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Traumafession:: Crafty Pants Carol on Bloodrage (1979)

March 31st, 2014 · 4 Comments

Ok so Bloodrage (1979) had a very big impact on me when I first saw it. I was prob about 11 or 12 and when my sister and I would spend the weekend at our cool grandmother’s house she would always let us pick out whatever movies we wanted and then leave us alone with them and go spend the evening ordering things out of a catalogue. I don’t really remember what my sister would pick – but I usually picked a horror movie – and this was one of them. The main things that stuck in my head were the apartments in the movie and the whole 42nd Street atmosphere. And those images have swam around in my head for decades – leading to a near obsession with SRO hotels, NYC and sleazy 42nd street (oh and windows!!!).

But there was also some issues surrounding seeing the movie again that just made it all incredibly mysterious and alluring to me throughout my teens and 20s. I remember years later – when I was in high school – I really wanted to see it again and asked for it in every video store I went to but no one had even heard of it. Then one day I just happened to be in the neighborhood of my grandmother’s old house and went into the video store we rented it from and thought “this is where I got it – they HAVE to at least know about it!” I looked around and didn’t see it on the shelf so I asked for it at the counter and the dude looked at me like I was crazy – which made me want to see it like a thousand times more!!! Like it was some secret movie that no one knew about or would talk about! I think I half heartedly looked for it for the next decade or so -and then about 10 years later in the mid 90s I came across a copy of the VHS at Movie Madness in Portland while I was visiting my mom. I told her about how I had seen it when I was 11 or 12 and how excited I was to find it again and she sat down with me and watched it and about halfway through asked – with a bewildered look on her face “how old were you when you saw this???” And if you’ve checked it out since I uploaded it on youtube you’ll understand why. It’s full of hookers and sex and naked dancing ladies and killing hookers.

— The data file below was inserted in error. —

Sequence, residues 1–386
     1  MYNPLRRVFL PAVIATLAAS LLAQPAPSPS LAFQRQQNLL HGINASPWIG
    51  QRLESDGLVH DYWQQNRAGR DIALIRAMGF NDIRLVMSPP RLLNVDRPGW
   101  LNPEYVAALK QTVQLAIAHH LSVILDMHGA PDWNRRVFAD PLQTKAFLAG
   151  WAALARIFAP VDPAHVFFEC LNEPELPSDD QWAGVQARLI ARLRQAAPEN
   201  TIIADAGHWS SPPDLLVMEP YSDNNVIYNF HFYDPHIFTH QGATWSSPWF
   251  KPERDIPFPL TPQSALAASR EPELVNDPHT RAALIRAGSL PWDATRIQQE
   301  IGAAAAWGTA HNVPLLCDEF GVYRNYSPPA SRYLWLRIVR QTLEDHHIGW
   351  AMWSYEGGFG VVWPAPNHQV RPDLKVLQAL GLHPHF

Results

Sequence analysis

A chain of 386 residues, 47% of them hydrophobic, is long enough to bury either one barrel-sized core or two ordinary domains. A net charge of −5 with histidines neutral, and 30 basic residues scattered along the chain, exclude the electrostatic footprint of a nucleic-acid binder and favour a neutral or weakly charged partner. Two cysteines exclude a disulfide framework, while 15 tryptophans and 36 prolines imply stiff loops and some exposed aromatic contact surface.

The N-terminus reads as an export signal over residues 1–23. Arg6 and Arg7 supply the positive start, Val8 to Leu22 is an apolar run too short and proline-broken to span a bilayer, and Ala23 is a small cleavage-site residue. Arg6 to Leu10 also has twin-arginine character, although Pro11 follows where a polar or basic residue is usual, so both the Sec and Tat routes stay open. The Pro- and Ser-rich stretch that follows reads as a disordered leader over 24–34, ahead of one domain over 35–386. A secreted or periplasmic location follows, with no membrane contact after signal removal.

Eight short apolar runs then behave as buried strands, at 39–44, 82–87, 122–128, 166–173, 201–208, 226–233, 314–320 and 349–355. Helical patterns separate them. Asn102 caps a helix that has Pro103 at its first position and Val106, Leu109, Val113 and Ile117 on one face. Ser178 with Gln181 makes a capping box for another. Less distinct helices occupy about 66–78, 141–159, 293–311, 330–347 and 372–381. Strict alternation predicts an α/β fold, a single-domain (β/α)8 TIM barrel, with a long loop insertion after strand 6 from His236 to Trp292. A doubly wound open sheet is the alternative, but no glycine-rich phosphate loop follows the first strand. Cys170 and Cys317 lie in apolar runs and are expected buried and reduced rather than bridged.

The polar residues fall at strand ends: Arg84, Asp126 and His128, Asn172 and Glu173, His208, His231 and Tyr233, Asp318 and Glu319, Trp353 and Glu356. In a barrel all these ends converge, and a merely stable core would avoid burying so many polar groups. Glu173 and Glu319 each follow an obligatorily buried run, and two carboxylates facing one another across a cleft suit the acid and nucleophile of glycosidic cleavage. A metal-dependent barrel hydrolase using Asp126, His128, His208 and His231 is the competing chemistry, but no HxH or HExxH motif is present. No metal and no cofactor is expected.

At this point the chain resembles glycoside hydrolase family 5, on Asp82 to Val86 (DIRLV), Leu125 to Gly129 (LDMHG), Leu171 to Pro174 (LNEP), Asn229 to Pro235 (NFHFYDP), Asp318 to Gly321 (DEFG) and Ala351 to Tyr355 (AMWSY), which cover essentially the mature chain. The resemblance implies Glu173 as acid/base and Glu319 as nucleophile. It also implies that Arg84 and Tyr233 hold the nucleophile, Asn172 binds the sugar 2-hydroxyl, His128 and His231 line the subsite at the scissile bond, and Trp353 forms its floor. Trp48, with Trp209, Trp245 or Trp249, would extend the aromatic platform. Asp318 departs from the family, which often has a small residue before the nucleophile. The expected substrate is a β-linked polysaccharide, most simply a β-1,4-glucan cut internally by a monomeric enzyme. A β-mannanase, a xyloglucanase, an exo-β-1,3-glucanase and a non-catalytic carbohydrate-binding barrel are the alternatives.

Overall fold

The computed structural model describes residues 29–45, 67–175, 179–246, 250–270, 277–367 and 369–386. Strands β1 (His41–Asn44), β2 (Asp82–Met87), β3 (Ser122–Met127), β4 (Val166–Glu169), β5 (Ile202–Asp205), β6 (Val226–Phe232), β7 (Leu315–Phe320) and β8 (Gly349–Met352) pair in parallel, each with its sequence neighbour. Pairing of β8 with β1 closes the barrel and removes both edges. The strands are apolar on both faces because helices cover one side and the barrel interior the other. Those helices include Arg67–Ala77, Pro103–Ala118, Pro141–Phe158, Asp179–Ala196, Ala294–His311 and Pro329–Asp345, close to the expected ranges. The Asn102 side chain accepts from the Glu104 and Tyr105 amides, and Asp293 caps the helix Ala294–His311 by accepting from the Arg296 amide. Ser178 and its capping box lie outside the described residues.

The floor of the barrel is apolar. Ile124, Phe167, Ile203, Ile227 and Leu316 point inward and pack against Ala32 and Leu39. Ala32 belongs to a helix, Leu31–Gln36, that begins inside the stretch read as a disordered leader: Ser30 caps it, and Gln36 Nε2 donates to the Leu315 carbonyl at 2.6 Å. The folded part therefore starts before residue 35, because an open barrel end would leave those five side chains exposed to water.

I did eventually live in an SRO hotel (just a room with a single bed and small fridge and TV where the bathroom and kitchen were out in the hall) and – big surprise – it was just like living anywhere else. It was even a house arrest hotel with petty thugs roaming the halls – and all I really wound up doing every night after a hard day of being a fry cook in a diner was watching 7th Heaven on crappy cable. I also eventually lived in NYC for a few years – but it was well after the sleazy 42nd street times. It was fun but nothing I’d ever want to do again. But I do still have mild obsessions with those things and sleazy 42nd street in general! It was seared into my brain by Bloodrage!!

And eventually I found a copy of the VHS on ebay and finally got it transferred to DVD so I could actually watch it again and then I forwarded the VHS on to the only person I know who both has a working VHS player and would appreciate the movie as the bizarro classic I think it is – Uncle Lancifer.

It’s actually still really hard to find too! It never shows up on youtube. So I’m proud to be the purveyor of filth and sleaze that is Bloodrage for anyone who’s interested.

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Tags: Traumafessions

Traumafession:: Bdwilcox on a Co-Worker’s Son Of Blob Kitten Calamity

March 20th, 2014 · 3 Comments

If we accept the notion that kindness begets kindness, I suppose the adverse is true: trauma begets trauma. For example, upon hearing the expertly solved traumafession of my coworker Al*, another co-worker, Ben, shared his own traumafession.

When Ben was a wee lad, an unaffected youth, an unsullied stripling, little did he know that an innocent TV session would lead to a psychic wound whose scar has lasted well into adulthood. As Ben recounted this visual abomination, his eyes looked into the distance as if reliving that moment of terror, that feeling of isolation a child feels when witnessing pure horror. Like a pilgrim cleansing himself of past sins, Ben hesitantly recalled the imagery that had indelibly burned itself into his psyche.

It was a B-movie, a sub-par sequel that was more spoof than horror but, nonetheless, Beware! The Blob contains a scene that has scarred multiple generations of moviegoers. Sure, it had people devoured and digested left and right by a giant amoeba; this is traumatic enough by itself. But nothing, NOTHING, compares to that bastard blob’s ingestion of a tiny, defenseless kitten. NOTHING!

The image of the tiny, curious kitten pawing at the amorphous blob was truly dreadful. But the imagery that Ben recalled (with much trepidation) was the blob escaping out the window with the kitten ensconced within its gelatinous mass and only its tiny tail still visible. Could there be anything more evil than a blob that eats kittens? Cute, roley-poley, bobble-headed kittens who like to play with balls of yarn? Adorable fuzz-balls that attack your feet under the covers and chase the occasional house spider? Purring little poppets that flop over and snooze at the drop of a dime? Damn you blob! Damn you! Eat me instead! Leave the kittens alone!

But I digress. After Ben told us of his hidden trauma** and his catharsis was complete, I asked him if I could share this soul-searing imagery with the wider Kindertrauma audience and he kindly said yes. Thanks, Ben!